Learn About Training A Traveling Outdoor Cat

Would you be interested in a guide to taking your cat into the wild? Have you ever visited the website, http://adventurecats.org? It’s a wonderful site that will teach you everything you need to know about training a traveling outdoor cat.

Laura Moss, animal writer and active hiker, started the website when she couldn’t find an online resource for training a cat to join her in outdoor adventures.

There is an incredible amount of information on this site, and you can learn many things about your pet that can help you and the cat, whether you adventure together or not. You will also read great stories about cats who join their owners for outdoor adventures.

One of the two top navigation bars features these categories: The Basics, Cat Tales, Gear and Safety, Pawsome Reads, and Indoor Adventures. Each category contains multiple posts: 12 to a page, and usually more than one page. Cat Tales, for example, has six pages.

To give you a taste, here a just a few of the post titles:

The Basics (two pages)

  • RVing with your cat: What you need to know

    tiger cat lying near yellow tent
    Camping cat
  • Three essential steps to making your cat an adventure cat
  • Train your cat to walk on a leash
  • Camping with cats: The ultimate guide
  • A guide to boating with cats
  • Hiking with cats: Tips for the trail

Cat Tales (six pages)

This category features a variety of stories of cats on outdoor adventures. Here are two sample titles:

  • Bengal’s breathtaking photos will fill you with travel envy
  • All-terrain tabby is at home on sun, soil, or snow

Gear and Safety (three pages)

  • How to prepare your cat for an emergency
  • What to include in your cat’s first-aid kit (This one includes a video from ASPCA on how to build a pet poison prevention kit.

Pawsome Reads (three pages)

  • What’s it like to backpack with a cat?
  • How to read your cat’s body language
  • National Park Service hosts its first cat hike

Indoor Adventures (one page with 12 posts)

  • Vet shares tips for enriching indoor cats’ lives
  • Have an indoor adventure with your cat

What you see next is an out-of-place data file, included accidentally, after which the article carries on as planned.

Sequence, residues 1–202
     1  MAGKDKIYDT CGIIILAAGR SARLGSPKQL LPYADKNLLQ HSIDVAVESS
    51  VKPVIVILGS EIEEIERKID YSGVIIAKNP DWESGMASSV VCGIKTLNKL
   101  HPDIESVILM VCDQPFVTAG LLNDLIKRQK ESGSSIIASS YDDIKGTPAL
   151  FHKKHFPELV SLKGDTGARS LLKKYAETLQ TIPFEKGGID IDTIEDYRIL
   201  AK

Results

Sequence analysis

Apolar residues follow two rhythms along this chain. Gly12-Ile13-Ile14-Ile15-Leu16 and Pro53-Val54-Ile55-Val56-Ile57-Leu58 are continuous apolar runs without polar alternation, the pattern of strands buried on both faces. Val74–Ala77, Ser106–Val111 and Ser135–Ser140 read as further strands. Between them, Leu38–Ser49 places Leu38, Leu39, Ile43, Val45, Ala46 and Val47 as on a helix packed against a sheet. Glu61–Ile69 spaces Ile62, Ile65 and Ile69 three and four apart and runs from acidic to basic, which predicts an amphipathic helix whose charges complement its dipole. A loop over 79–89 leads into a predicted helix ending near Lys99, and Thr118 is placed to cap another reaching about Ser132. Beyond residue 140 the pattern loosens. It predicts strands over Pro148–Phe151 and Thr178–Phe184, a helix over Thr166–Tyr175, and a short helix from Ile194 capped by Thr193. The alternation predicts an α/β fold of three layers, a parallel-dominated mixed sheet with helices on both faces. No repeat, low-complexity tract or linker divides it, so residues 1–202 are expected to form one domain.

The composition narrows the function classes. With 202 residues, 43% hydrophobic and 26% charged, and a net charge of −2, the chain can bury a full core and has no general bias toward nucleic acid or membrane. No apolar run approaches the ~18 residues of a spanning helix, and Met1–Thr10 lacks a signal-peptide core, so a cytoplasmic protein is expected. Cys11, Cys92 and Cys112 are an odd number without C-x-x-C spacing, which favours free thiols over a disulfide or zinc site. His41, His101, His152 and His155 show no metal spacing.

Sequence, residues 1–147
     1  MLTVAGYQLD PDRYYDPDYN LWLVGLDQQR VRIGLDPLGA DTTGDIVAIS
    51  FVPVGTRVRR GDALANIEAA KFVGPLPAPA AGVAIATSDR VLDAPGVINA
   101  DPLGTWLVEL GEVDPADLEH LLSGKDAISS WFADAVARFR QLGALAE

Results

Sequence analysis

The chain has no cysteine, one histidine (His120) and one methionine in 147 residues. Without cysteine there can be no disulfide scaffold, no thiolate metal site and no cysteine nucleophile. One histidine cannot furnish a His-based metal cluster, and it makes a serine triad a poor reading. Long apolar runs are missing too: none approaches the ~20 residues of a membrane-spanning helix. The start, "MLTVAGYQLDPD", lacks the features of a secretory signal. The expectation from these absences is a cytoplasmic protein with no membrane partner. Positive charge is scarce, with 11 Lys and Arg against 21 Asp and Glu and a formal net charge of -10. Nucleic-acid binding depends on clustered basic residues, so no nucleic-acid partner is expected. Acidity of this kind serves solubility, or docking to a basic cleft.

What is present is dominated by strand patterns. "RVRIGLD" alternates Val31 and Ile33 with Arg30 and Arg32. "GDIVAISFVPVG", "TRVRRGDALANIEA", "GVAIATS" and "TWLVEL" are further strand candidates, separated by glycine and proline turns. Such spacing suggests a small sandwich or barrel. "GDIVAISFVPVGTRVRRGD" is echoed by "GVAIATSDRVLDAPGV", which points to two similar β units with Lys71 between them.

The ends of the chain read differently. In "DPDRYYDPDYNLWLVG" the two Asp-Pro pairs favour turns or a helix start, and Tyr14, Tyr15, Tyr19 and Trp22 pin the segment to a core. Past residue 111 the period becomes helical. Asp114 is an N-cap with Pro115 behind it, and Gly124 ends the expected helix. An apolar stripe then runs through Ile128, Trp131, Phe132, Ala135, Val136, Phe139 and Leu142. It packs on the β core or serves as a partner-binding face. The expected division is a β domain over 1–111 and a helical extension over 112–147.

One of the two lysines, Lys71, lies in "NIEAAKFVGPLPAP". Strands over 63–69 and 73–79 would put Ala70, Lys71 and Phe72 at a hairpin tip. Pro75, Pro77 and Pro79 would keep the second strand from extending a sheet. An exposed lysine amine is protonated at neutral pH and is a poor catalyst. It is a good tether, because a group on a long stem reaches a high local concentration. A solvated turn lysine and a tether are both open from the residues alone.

These titles in each category are just a sample of the information provided. Whether you take your cat on an adventure or not, you can learn a great deal from these articles, and will read some amazing cat adventures tales as well.

Here are details from a small selection of these posts. As you can see, a great deal of valuable information is presented.

The first one is from the category, “The Basics.” Here are some notes from the post, “Three essential steps to make your cat an adventure cat.”

The article starts with “First, a simple question…”

Why do you want to adventure with your cat? Not all cats are cut out to be adventure cats. First, assess your kitty’s personality. Would he enjoy adventuring, or is he more of a catio type?

Once you have decided your cat might enjoy adventures:

grey & white cat lying down, harness and leash
Cat in harness and leash

1) Find a purrfect harness

There are a variety of types of harnesses on the market. Research to find the best one, and realize that you may have to order online.

There are two basic styles of harnesses: either a few straps attached to a leash, or a vest, which is like a piece of cat clothing.

You need a harness. You can’t just attach a leash to kitty’s collar, because you might injure the cat or enable him to escape the leash easily. You should be able to fit a finger or two — no more than that — under the harness.

2) Start training

It may take days or even weeks to get your kitty used to harness and leash. Getting your cat to walk on that leash is a very important step in preparation. A kitten may take to the harness and leash easily, though it may try your patience more when working with an older cat. Just take it slow and have plenty of treats on hand for encouragement.

Just give him time to get used to it.

Clicker training is recommended, and teaching him to come when called should be accomplished before you venture too far into the wilderness.

3) Hit the trail

Before taking your cat outside, talk to your vet and make sure kitty is up-to-date on vaccinations and flea, tick, and heartworm treatments.

Follow these guidelines:

When you pack, you will need a few extras for the cat. One thing you need to include is a recent picture of your cat, in case you become separated.

Keep kitty on a leash, even though he always comes when called. Accidents can happen. Play it safe by keeping him leashed and the leash in your hand.

Expect the occasional time when you need to carry the cat. Perhaps a strange dog has frightened him, or perhaps he will get tired. Be ready to give kitty a lift.

tiger cat looking out of boat gunnel
Boating cat

If you are going camping, read the guide on what to expect when camping.

There is a second top navigation bar, containing mostly information about the company. There’s one topic from this navigation bar that is also an important one to read. It’s called:

Before You Go.

This article is a good one to read when you first start researching adventure cats, because it contains a good list of do’s and don’ts. Here is the list:

  • First, determine if your cat is right for this activity. Not all cats will take to the idea and not all cats have the desire to adventure.
  • Keep your cat indoors unless he or she is with you. This is especially true if you are taking your cat adventuring. To insure kitty is safe, never let him out of your sight.
  • Before you involve your cat in outdoor adventures, talk to your vet. Kitty should be in good health and up to date on any vaccines or flea, tick and heartworm treatments.